10 Nov Tattoo portraits by Niamh Walsh-Vorster: A conversation on identity and cultural belonging
The culmination of a fourth year portfolio project and a conversation with her father lead Cape Town based photographer Niamh Walsh-Vorster to what she describes as “an extended self-portrait series”. The exploratory images show people with tattoos – including Niamh herself – in the personal space of their own bedrooms. In the Q&A to follow she spoke to us about how the series came about, her journey with photography so far, and how the lens can be used for advocacy, resistance and insight.
Before we talk about your tattoo portrait series, could you tell us a little bit about your journey as a photographer and the various influences that guide the kind of work you produce?
I majored in Photojournalism at the university currently known as Rhodes. I initially went there to study English and Psychology with Journalism as a fall back, but I began to enjoy it because we worked with people more often for stories. I had taken photographs for fun since high school, and I still find it a great tool.
Portrait and documentary photographs interest me the most. Long form photo stories that deal with identity and history are timeless and important, so that is what I gravitate towards.
Apart from photography you did anthropology as your second subject, how does this integrate into your work?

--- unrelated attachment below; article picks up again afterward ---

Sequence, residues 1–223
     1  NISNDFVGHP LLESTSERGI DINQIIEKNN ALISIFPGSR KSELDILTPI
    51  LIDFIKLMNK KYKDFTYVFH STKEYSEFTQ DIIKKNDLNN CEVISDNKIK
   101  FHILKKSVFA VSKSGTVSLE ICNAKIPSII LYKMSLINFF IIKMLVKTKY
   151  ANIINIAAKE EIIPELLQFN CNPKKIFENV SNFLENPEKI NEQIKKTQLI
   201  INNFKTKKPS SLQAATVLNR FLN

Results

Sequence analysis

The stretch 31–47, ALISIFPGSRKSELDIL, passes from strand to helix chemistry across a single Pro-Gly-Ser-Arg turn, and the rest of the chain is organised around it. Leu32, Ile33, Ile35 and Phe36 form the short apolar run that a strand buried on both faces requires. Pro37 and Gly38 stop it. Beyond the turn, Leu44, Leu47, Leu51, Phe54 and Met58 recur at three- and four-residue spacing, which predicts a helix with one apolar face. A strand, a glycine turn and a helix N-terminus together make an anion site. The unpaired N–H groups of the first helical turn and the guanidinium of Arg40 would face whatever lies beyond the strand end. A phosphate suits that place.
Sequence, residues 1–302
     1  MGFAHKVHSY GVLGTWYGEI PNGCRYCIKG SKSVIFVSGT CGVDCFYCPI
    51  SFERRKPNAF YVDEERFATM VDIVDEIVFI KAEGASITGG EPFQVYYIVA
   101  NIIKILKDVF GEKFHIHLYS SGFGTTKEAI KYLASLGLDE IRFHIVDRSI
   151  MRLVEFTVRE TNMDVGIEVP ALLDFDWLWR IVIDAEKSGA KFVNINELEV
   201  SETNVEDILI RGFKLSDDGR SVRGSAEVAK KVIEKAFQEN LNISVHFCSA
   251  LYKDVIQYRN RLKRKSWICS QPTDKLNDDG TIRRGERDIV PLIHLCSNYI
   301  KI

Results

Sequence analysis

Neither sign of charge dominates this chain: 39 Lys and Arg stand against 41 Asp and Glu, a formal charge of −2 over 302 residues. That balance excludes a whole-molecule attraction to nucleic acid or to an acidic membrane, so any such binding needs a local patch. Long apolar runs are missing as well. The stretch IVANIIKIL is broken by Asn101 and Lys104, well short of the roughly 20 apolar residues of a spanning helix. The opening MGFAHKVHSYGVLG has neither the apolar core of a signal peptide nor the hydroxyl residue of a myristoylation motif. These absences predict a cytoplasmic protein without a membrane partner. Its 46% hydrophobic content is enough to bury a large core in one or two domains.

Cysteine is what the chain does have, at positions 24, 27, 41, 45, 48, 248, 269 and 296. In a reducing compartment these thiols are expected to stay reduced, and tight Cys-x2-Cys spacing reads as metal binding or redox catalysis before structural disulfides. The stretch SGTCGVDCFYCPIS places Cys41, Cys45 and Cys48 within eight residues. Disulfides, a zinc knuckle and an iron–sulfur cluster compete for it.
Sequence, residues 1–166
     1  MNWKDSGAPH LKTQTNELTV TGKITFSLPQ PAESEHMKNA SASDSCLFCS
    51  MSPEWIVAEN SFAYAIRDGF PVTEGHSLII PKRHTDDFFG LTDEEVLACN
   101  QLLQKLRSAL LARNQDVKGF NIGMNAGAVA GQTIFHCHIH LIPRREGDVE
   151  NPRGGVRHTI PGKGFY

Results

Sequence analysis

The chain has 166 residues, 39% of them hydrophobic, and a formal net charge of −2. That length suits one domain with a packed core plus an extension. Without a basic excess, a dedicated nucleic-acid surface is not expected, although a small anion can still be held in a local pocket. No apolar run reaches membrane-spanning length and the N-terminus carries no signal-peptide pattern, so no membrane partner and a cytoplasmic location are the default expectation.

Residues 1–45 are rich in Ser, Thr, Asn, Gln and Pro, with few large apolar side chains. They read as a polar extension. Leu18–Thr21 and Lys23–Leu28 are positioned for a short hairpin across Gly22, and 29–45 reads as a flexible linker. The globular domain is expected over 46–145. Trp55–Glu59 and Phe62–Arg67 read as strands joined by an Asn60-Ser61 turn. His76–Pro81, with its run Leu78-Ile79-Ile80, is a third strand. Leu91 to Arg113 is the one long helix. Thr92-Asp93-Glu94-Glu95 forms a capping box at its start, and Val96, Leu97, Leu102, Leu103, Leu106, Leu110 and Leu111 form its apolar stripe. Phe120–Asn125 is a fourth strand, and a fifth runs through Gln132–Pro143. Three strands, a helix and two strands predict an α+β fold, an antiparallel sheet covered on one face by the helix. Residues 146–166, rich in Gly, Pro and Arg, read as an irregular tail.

Anthropology was a really interesting subject that helped shaped my way of understanding (and accepting that not all needs to be understood!) the world around me. Through the readings that often try to unpack ‘The Other’, we had to learn how to reflect on ourselves in relation to people and their cultures as well as our own. It influenced how I approach the photo stories I do, as I want to present individuals in ways that are ethical, humanising and inclusive.
Could you tell us how your series of tattoo portraits came about and what you hoped to achieve through it from the start?
The photo story was for my 4th year final portfolio. It began as a conversation with my dad and became an extended self-portrait series in relation to people who also have tattoos. I included myself in the series as a way of trying to position myself as an equal with the other people in the photos, as an attempt to break power dynamics of the ‘invisible photographer/voyeuristic being’.
A lot of the conversation with my dad about tattoos linked to appropriation, identity, cultural belonging and artistic expression. It was an uncomfortable discussion as he has a very different view to what I do. The photographic portraits provide another perspective: a third voice. One quote which I used in the research of tattoos to try broaden the conversation, and one I liked, said: “Tattoos are culturally rich forms of self-expression and fulfilment, and hold power for their owners, both internally and externally.” (Garcia-Merritt, 2014: 1).
Identities are formed through this self-expression and the motivations and reasoning for why people get tattoos is different for each individual. I wanted to try and delve a bit deeper into the meanings and stories behind people’s chaps. This led me to discover that each one connects with greater social meanings and cultures.